Mina Kimes on Aaron Rodgers Credit: The Dan Le Batard Show with Stugotz

As one of the only sports writers to profile Aaron Rodgers, NFL analyst Mina Kimes is careful to state she does not have Rodgers all figured out. But she has spent a lot of time thinking about who he is.

As Rodgers responded to the firestorm he created when he accused ABC late-night host Jimmy Kimmel of connections to child trafficker Jeffrey Epstein, Kimes was struck by the lack of originality. And when Rodgers returned once again to his favorite topics of big pharma and the pandemic, Kimes saw the angles coming.

“It really drove home what is the meaningful thing about this story that transcends sports,” Kimes said on The Dan Le Batard Show with Stugotz on Thursday. “Which is the normalization of conspiracy theories. And I say that not to criticize Rodgers’ character or whatever, but really just to kind of criticize the substance of what he was saying, criticize the sources he was throwing out.”

Kimes pointed to Rodgers’ constant references to Alex Berenson, who was a reporter from the New York Times until 2010 and became one of the most public vaccine detractors in the media during the COVID-19 pandemic. Berenson was banned from Twitter in 2021 and had a Fox News streaming show called COVID Contrarian canceled before it ever debuted in 2020.

“You could ask any credible scientist, doctor, public health expert, and they would refute (Berenson),” Kimes said. “But when I was listening to Rodgers (on The Pat McAfee Show) and he said his name, I wasn’t surprised to hear it. Because the people who believe the things that I think Rodgers now believes, they always cite the same people.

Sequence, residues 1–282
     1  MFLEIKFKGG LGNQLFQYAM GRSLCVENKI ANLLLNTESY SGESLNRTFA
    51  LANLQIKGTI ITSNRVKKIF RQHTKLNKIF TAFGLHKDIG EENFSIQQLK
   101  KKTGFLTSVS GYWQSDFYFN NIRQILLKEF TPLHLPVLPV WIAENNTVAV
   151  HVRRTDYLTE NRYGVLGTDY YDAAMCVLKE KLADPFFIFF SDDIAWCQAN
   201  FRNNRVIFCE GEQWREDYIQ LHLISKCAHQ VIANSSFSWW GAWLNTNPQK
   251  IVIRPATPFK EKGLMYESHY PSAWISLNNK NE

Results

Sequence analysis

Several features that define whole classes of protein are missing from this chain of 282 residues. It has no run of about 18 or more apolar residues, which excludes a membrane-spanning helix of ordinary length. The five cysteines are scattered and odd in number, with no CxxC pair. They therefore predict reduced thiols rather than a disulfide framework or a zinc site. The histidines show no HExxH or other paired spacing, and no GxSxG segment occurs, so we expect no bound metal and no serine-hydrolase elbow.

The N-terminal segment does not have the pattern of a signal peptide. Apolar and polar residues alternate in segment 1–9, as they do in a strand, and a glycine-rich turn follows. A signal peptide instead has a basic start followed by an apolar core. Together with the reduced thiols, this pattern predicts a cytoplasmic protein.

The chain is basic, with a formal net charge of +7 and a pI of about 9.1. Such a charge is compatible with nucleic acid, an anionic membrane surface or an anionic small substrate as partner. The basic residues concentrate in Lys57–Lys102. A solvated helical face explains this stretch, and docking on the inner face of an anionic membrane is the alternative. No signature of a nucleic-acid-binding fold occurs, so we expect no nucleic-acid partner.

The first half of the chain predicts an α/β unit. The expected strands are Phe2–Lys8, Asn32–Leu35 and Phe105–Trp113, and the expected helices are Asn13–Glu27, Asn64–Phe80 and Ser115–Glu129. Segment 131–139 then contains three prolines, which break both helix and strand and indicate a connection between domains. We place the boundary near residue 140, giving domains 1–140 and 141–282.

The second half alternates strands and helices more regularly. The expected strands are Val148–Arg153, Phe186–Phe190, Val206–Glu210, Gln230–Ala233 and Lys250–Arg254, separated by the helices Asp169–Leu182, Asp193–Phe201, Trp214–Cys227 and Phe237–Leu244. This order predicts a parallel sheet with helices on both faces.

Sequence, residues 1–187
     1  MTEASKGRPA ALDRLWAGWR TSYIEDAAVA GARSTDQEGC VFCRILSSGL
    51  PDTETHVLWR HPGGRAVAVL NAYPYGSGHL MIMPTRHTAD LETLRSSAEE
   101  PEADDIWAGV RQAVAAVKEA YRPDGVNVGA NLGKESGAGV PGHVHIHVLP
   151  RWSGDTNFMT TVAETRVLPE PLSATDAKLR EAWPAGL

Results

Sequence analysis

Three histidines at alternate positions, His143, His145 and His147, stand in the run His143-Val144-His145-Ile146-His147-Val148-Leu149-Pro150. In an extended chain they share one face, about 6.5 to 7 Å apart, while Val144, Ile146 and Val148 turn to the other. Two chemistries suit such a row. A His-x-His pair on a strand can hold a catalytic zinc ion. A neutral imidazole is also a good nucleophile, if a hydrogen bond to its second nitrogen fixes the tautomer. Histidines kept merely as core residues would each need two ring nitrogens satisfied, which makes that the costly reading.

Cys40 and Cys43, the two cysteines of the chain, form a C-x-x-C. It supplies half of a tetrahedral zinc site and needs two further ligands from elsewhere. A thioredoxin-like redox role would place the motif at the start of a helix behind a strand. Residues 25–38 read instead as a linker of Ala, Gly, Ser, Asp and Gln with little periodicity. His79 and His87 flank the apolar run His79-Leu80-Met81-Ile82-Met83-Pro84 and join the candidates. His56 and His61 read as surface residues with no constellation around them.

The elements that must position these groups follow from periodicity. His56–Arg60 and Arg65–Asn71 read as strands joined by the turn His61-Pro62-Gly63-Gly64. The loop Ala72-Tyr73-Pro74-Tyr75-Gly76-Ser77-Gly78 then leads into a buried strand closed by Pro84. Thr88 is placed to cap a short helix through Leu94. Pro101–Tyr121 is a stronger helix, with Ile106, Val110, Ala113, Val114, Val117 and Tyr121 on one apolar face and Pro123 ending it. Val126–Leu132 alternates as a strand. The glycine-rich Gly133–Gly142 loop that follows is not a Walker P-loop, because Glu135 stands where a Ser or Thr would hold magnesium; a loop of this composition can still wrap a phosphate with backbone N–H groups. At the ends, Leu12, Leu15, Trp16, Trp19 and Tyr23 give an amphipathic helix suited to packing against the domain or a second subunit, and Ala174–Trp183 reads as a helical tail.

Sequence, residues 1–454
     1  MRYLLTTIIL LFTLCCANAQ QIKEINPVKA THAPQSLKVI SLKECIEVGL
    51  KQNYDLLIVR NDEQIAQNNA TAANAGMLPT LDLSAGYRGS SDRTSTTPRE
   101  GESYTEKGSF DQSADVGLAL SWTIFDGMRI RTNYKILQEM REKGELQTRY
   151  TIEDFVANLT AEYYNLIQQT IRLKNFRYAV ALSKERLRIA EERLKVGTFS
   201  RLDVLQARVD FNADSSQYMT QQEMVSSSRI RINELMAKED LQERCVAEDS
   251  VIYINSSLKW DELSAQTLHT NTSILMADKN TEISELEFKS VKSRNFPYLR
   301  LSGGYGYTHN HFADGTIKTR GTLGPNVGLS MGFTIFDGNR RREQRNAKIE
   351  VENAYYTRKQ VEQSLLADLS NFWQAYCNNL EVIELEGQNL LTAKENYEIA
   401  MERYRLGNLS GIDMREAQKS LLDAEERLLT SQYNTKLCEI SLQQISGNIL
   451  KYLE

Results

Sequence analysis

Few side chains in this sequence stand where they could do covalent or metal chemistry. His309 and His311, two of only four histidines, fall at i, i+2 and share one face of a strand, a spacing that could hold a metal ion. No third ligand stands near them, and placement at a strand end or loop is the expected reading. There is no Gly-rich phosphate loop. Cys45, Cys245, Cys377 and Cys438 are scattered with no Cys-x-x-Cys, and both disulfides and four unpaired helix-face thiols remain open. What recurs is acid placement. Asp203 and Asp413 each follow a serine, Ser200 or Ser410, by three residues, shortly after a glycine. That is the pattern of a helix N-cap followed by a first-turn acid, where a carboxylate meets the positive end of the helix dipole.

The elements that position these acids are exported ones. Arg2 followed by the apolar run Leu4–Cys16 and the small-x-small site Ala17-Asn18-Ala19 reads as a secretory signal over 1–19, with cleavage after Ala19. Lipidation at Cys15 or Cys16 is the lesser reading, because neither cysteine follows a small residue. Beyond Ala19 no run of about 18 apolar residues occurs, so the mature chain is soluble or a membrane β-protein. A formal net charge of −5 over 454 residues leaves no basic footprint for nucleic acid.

“It really is groupthink kind of masquerading as independent thought. And it’s not just on the fringes of society, I think evidenced by the fact that one of our most famous athletes is now believing some of these things.”

Kimes added that she has loved ones who have “gone down similar rabbit holes.” She believes many people in the world today are “tempted by the idea that they know something that the rest of us don’t.”

Like Rodgers, many people emboldened by going against public consensus aren’t very open to discussion or hearing that they might be wrong.

“The fact that that’s not just on the fringes is worth noting, and it’s worth always checking those points when they’re made,” Kimes argued. “And not just laughing them off the way we so often do, because … of this ongoing devaluation of facts and expertise.”

Kimes previously said Rodgers simply spent too much time online. But this week, she wanted to express that there was more to it than that, and that being inaccurate and confrontational should have consequences.

[The Dan Le Batard Show with Stugotz on YouTube]

About Brendon Kleen

Brendon is a Media Commentary staff writer at Awful Announcing. He has also covered basketball and sports business at Front Office Sports, SB Nation, Uproxx and more.